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I need to use transactions with a ADO.NET provider.

Below is a simple example of a connection, transaction and command being created. When I create a command using connection.CreateCommand() do I need to assign the transaction to the command? Or, is the transaction set because I'm using connection.CreateCommand() vs newing up a command object?

var connection = Database.GetConnection();

var transaction = connection.BeginTransaction();

var command = connection.CreateCommand();
command.Transaction = transaction; // Is this line needed when using connection.CreateCommand()?


When I test the reference of both objects, they are the same. I'd assume that means connection.CreateCommand() is returning a command with the transaction assigned. Or maybe that is not a valid test.

using (var connection = Database.GetConnection())

    var transaction = connection.BeginTransaction();

    var command = connection.CreateCommand();

    if (object.ReferenceEquals(transaction, command.Transaction))
share|improve this question
you need to have an Instance of SQLTransaction object for starters.. try a google search for C# SQLTransaction, if you don't wnat to take the time to do the search then look here at this StackOverFlow Posting also look at the Related Links on the right side of this page for examples as well ,… – MethodMan Dec 28 '12 at 20:31
BeginTransaction() returns a transaction. – Chace Fields Dec 28 '12 at 20:33
can you formulate your question in a readable code block as well? – MethodMan Dec 28 '12 at 20:35

Yes, the transaction and command need to be associated with one another.

Some redacted sample code:

// Connect to the database.
SqlConnection connection = new SqlConnection(Database.ConnectionString);

// Start a transaction.
SqlCommand command = new SqlCommand();
command.Connection = connection;
command.Transaction = connection.BeginTransaction(System.Data.IsolationLevel.Serializable, "ryan");

// Delete any previously associated targets.
command.CommandType = System.Data.CommandType.StoredProcedure;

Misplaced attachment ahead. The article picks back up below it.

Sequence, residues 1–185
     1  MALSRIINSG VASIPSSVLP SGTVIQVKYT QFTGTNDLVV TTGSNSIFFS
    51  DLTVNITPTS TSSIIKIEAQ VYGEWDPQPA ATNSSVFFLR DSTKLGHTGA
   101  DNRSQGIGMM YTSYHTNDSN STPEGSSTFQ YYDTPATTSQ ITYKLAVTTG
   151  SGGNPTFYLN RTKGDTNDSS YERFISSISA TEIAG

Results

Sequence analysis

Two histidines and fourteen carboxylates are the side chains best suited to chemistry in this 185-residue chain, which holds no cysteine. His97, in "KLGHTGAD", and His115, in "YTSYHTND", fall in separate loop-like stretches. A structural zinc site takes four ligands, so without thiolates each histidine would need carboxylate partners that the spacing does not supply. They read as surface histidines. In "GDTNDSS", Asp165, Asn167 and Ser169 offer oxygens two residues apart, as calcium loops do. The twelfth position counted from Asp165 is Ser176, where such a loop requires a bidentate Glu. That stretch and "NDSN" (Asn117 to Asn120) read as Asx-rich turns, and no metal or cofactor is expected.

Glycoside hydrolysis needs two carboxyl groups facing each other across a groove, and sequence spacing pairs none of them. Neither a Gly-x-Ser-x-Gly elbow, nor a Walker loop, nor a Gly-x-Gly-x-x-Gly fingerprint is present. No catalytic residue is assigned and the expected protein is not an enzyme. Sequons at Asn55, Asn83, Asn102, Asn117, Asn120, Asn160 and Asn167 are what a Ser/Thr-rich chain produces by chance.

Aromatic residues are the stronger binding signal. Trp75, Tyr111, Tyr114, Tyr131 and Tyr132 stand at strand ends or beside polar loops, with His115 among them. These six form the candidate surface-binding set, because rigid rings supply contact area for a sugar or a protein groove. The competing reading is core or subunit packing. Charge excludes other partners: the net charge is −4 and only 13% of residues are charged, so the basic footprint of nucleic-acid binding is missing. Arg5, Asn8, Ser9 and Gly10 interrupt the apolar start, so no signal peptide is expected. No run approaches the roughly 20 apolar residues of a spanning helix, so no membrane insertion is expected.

command.CommandText = "FirstSP";
command.Parameters.AddWithValue("@Id", this.Id);

// Add the specified targets to the product.
command.CommandText = "SecondSP";
command.Parameters.Add("@Id", SqlDbType.Int);
foreach (int Id in Ids)
    command.Parameters["@Id"].Value = Id;

// Commit the transaction.

// Houseclean.
share|improve this answer

You have to explicitly set the transaction for each SqlCommand instance. Here is the source code of System.Data.SqlClient.SqlConnection.cs (Line: 782) of CreateCommand:

new public SqlCommand CreateCommand() {
    return new SqlCommand(null, this);

As you see; It pass null for CommandText and this (itself) for SqlConnection arguments.

share|improve this answer

If you use TransactionScope you do not need to attach anything to the command object.

Just take a look at the example from the documentation of TransactionScope.

share|improve this answer

If you use connection.CreateCommand, with a connection that has already started a transaction, the resulting command object will be enlisted in the transaction (the command's transaction property will be set).

If you use new Command you have to set the transaction explicitly.

share|improve this answer
Thanks for your post! Please do not use signatures/taglines in your posts. Your user box counts as your signature, and you can use your profile to post any information about yourself you like. FAQ on signatures/taglines – Andrew Barber Feb 16 '13 at 10:54
Sadly, you still have to explicitly set the transaction. While not very intuitive, Microsoft states this is by design. It is trivial to confirm this with a quick console app, though it's just as easy to look at the SqlConnection.CreateCommand source. – Dan Lyons Sep 2 '14 at 22:48
Yes. I discovered this to be true after working on a migration from Oracle 11 to SQL Server. With the Oracle driver you didn't need to explicitly set the transaction on the command. Not so with SQL Server 2012! – Jonathan Edwards Jan 18 at 9:02

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